Juan Fernandez, community school outreach coordinator at Sprague High School, stands outside of the school on Friday, Nov. 5, 2021. (Amanda Loman/Salem Reporter)
When Juan Fernandez’s family moved to west Salem midway through school, the teen knew he wanted to stay enrolled at North Salem High School.
“They didn't provide transportation. So I had to ride my bike five miles every morning,” Fernandez said of his commute to school.
Fernandez, who is originally from Mexico, said he didn’t start learning English until middle school and sometimes struggled to feel he belonged. But at North, he had teachers and adults who made him feel welcome - some because they spoke Spanish, and others because they offered a sympathetic ear.
He graduated in 2017.
Now, Fernandez hopes to help high school students feel the same sense of belonging he found at North. He’s working at Sprague High School as the community school outreach coordinator.
The job is one that’s existed for years in the Salem-Keizer School District but is new at Sprague.
Originally created to help migrant students, outreach coordinators are tasked with boosting student success by helping kids and their families with life circumstances that can get in the way of school.
That could mean working with a local church to organize a school supply drive or helping coordinate dental care so students don’t miss class because of untreated abscesses.
Historically, outreach coordinators in Salem mostly work at schools that receive extra federal money because they have a high share of students living in poverty. Many are bilingual in English and Spanish. About 40 district schools and programs have at least one such coordinator.
Sprague doesn’t fit the profile - just 27% of students in 2021 qualified for free school lunch, according to state data, the lowest share of any district high school. The measure is used as a rough indicator of family poverty rates.
“I’m aware of what people think. Sprague needing help, like what, really?” Fernandez said. He previously worked as a soccer coach at Sprague and said just because Sprague has more affluent students doesn’t mean the school doesn’t need help.
“Don’t judge a book by its cover. There is need everywhere,” he said.
Fernandez started his job this school year. His focus so far has been one-on-one meetings with students who are typically referred by the school’s counseling office because they may have unmet needs or don’t feel they’re part of the school community.
Fernandez’s role is a temporary position funded through Oregon’s High School Success Fund, established after a 2016 ballot measure to give high schools money for graduation improvement and dropout prevention programs.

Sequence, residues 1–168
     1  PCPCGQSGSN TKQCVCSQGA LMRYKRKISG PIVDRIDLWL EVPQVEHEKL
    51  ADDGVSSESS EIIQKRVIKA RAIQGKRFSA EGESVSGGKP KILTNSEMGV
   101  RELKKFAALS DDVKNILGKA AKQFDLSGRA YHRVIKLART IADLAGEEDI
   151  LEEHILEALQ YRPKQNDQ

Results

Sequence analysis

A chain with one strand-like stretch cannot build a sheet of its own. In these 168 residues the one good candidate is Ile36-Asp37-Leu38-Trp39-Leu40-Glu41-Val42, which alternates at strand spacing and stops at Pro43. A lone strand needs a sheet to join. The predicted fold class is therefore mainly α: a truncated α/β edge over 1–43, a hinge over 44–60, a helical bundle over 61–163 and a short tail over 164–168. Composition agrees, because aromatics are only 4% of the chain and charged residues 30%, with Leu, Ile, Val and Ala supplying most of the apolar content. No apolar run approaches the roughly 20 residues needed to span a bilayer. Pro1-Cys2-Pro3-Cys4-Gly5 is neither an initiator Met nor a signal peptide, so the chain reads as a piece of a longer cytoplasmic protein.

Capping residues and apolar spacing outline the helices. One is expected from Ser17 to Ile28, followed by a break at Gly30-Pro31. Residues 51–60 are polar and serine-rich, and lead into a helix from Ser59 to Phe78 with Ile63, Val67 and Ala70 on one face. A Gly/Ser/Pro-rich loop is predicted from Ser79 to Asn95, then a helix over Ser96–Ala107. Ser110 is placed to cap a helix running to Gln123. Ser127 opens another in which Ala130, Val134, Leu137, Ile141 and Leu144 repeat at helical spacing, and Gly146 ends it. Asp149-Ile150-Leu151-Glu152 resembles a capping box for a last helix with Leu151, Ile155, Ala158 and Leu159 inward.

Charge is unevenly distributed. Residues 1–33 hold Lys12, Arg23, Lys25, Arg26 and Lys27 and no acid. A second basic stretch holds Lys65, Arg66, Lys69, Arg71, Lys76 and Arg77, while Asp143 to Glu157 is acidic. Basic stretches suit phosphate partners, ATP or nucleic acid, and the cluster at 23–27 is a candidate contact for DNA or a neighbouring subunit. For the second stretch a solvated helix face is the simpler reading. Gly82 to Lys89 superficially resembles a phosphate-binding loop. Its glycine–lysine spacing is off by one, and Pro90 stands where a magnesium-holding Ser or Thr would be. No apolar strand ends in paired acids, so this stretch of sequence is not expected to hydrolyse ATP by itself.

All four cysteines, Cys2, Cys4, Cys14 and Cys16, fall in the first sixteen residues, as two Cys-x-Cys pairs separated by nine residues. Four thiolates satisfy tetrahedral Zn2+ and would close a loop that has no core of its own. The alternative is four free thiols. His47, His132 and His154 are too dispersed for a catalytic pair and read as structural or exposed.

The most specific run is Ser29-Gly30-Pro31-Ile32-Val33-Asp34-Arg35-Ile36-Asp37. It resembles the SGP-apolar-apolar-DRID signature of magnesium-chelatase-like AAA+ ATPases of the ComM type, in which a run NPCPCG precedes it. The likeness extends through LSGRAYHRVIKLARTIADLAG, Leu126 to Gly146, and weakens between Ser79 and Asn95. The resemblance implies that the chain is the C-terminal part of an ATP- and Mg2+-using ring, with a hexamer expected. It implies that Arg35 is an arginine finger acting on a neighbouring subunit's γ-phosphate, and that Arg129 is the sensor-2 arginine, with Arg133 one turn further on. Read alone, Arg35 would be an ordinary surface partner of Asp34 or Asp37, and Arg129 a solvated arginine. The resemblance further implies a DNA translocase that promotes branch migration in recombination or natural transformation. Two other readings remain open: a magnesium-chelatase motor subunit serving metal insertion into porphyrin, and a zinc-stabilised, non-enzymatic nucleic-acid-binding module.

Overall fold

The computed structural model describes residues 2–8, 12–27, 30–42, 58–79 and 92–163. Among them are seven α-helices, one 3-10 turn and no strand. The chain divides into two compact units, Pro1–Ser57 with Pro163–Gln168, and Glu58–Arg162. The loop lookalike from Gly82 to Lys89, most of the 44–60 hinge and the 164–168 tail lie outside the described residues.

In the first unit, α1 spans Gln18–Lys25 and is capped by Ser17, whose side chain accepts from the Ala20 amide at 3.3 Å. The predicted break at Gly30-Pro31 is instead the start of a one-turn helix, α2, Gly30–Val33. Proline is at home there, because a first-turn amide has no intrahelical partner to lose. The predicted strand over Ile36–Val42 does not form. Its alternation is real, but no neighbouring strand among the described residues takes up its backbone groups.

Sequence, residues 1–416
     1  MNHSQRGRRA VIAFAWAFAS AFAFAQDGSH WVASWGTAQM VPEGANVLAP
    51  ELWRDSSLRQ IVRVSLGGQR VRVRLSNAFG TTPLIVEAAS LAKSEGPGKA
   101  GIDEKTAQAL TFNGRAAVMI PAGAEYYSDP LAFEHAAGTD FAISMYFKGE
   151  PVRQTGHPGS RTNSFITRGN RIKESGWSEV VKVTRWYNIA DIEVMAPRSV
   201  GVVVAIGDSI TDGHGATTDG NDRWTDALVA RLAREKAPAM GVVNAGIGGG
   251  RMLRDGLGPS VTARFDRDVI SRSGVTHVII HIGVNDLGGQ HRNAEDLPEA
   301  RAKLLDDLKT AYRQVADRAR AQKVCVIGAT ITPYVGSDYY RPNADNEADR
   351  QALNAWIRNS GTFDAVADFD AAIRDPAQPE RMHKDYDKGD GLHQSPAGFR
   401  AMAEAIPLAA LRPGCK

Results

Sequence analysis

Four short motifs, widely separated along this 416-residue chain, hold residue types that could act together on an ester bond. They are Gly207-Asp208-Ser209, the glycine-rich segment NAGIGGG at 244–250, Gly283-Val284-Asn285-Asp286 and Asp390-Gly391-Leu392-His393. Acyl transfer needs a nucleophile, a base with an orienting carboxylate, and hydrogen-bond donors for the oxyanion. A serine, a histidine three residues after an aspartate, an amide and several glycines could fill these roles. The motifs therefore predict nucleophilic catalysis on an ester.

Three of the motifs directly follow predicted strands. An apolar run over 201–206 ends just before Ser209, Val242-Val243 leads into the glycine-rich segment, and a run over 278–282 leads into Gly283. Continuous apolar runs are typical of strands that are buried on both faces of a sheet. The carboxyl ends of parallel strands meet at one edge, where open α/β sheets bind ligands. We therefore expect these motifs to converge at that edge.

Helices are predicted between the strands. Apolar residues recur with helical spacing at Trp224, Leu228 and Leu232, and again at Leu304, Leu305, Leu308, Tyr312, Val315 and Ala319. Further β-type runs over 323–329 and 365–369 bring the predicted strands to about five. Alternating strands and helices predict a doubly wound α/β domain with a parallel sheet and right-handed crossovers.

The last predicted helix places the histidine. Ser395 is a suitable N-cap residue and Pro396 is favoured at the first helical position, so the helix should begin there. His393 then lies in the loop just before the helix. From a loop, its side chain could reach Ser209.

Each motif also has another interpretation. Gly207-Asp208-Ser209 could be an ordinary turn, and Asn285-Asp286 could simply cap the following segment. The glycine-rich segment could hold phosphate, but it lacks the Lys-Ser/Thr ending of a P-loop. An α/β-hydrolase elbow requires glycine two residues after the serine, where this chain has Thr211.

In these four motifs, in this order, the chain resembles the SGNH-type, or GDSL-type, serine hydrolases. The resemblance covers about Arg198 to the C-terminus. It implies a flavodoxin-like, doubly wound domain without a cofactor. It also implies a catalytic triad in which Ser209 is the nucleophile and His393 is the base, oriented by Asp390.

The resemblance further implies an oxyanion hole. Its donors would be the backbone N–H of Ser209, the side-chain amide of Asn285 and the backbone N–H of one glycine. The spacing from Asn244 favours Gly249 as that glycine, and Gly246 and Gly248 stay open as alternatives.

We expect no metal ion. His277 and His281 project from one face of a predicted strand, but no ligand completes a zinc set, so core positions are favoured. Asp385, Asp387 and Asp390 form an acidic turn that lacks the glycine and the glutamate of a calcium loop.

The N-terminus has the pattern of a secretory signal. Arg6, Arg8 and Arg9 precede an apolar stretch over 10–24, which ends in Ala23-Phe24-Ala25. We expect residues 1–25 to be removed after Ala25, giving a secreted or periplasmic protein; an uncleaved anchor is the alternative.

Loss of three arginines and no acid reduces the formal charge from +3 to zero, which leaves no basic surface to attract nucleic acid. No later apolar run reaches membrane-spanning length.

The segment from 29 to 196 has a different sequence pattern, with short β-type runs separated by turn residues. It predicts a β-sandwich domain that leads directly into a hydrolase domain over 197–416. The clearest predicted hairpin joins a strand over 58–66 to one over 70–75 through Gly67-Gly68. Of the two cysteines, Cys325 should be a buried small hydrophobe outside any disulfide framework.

District schools regularly survey students about their mental health and wellbeing, including whether they feel like they belong at school. In fall 2019, the most recent survey where a high share of students participated, just 35% of Sprague students reported they felt they belonged.
While that’s in line with other district high schools, which reported 31-37% belonging, Chad Barkes, Sprague’s principal, said it’s not good enough.
“Some of that’s just high school kids. Not everyone loves school. But there’s things you can do to try to get trusted adults in the students’ lives,” he said. He’d like to see the number go above 50%.
Barkes said Fernandez meets with students who have reported they don’t feel part of Sprague’s community. The two are also strategizing about ways to engage parents and the larger Sprague community for events.
“When we host open events and try to have families come onto our Sprague campus, we struggle,” Barkes said. The exception so far is the school’s information night about financial aid for college.
Fernandez said he hopes at first to build trust and make sure students understand he’s an adult they can ask for help. His charges include the roughly 10 Sprague students who are currently homeless or without stable housing.
Fernandez said recently, he had a student he’d met previously come to him because the student needed a new backpack their family couldn’t afford.
“I think that’s the impact we’re trying to make, making students aware that we’re here for them and seeing that students are comfortable enough to come reach out and makes me feel that we’re actually making a difference,” Fernandez said.
Contact reporter Rachel Alexander: [email protected] or 503-575-1241.
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